J Neurol Surg Rep 2013; 74(01): 023-028
DOI: 10.1055/s-0033-1346976
Georg Thieme Verlag KG Stuttgart · New York

Injury to the Temporal Lobe via Medial Transorbital Entry of a Toothbrush

Jesse Skoch
1   Division of Neurosurgery, University Medical Center, University of Arizona, Tucson, Arizona, USA
Tracy L. Ansay
2   Department of Neurosurgery, University of Cincinnati Neuroscience Institute and University of Cincinnati College of Medicine; and Mayfield Clinic, Cincinnati, Ohio, USA
G. M. Lemole
1   Division of Neurosurgery, University Medical Center, University of Arizona, Tucson, Arizona, USA
› Author Affiliations
Further Information

Publication History

14 December 2012

03 January 2013

Publication Date:
29 May 2013 (online)


Objectives Intracranial penetration by foreign bodies entering via the orbit represent an unusual form of traumatic brain injury. Nevertheless, much is at stake with high risk for cranial nerve and neurovascular injury. We present a case where the bristled end of a toothbrush entered the brain as a projectile via the superior orbital fissure and discuss considerations for surgical management.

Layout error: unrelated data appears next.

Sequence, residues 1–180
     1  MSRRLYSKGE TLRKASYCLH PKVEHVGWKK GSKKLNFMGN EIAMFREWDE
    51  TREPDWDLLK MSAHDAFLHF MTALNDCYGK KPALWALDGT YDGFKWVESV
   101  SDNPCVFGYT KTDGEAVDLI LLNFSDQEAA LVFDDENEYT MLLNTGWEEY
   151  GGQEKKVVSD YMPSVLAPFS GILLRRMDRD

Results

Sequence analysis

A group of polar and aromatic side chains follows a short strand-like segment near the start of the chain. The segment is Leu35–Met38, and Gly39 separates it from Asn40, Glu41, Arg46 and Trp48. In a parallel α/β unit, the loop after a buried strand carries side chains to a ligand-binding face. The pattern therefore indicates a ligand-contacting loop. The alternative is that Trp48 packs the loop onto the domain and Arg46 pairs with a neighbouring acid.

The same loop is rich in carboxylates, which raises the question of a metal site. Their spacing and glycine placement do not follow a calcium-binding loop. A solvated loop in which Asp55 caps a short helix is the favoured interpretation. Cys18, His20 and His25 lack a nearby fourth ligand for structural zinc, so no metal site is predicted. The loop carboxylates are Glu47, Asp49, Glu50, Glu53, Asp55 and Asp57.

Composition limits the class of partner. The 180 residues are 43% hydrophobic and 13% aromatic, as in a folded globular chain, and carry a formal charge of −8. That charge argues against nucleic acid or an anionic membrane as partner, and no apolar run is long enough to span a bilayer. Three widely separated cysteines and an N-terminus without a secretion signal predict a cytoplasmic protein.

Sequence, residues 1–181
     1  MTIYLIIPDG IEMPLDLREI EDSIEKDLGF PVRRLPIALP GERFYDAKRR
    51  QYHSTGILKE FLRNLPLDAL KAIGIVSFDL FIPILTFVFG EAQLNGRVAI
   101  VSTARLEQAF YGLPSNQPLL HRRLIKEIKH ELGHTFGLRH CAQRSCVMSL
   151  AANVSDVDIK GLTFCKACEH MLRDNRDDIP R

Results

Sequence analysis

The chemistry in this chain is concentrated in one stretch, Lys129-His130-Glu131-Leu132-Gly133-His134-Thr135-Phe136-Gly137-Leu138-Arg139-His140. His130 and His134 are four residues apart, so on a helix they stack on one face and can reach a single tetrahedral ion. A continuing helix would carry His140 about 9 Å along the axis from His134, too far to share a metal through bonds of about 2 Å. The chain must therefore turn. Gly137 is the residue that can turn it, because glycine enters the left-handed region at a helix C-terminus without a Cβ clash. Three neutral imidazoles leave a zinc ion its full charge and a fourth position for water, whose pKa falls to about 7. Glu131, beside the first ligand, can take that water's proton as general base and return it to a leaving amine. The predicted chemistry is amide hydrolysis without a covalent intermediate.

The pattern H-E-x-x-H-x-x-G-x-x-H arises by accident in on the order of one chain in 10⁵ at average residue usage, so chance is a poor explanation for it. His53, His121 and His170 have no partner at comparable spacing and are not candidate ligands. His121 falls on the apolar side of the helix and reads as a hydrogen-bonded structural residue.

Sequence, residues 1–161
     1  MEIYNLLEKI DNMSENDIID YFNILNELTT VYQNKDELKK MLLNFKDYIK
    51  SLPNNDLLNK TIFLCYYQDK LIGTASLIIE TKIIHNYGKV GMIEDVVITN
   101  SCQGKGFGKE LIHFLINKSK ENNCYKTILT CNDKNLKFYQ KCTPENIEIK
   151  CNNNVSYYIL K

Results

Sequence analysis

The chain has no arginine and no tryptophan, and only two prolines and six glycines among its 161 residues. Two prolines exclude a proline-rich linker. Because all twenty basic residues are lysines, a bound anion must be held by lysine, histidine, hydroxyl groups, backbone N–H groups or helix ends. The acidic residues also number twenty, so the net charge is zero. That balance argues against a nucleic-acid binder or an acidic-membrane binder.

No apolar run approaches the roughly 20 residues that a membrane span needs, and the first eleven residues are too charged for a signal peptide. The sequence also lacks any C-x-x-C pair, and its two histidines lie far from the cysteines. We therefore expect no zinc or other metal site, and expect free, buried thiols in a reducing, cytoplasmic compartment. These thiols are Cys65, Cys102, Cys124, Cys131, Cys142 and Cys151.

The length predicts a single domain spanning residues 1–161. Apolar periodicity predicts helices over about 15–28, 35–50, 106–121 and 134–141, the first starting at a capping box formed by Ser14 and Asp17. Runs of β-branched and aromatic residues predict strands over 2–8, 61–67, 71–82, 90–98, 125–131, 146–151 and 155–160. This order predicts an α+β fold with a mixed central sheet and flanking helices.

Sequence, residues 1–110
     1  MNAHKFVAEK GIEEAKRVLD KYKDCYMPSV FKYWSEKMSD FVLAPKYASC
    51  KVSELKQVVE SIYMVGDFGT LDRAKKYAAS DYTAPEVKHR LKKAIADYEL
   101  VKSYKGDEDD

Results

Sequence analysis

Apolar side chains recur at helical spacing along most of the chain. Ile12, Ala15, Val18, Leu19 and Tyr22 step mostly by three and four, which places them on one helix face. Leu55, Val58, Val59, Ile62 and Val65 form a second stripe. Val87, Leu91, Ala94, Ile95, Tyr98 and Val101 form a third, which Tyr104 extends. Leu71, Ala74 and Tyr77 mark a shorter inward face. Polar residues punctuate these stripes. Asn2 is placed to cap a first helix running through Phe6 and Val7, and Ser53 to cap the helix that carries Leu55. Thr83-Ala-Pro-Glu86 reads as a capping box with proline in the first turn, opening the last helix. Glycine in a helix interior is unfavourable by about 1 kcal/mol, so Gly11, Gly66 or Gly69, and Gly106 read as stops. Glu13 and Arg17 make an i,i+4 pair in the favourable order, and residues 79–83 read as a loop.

Setting A 35-year-old woman suffered a periorbital injury after her husband threw an electric toothbrush at a wall and the head of the toothbrush became a missile that projected through her superior orbital fissure and into her right temporal lobe. She complained of headache and incomplete vision loss in the affected eye.

Intervention After obtaining a cerebrovascular angiogram, we proceeded with emergent orbital decompression and anterograde extraction of the foreign body via a modified frontotemporal orbitozygomatic approach with drilling of the skull base allowing for en bloc removal of the toothbrush.

Conclusions The patient recovered well with improvement in her vision and partial third and sixth nerve palsies. This report illustrates a unique mechanism of injury with a novel intracranial foreign body. We review the neurosurgeon's need for prompt management with an approach customized to the structure of the offending object, the damaged elements, and the surrounding cranial nerves and vascular anatomy.

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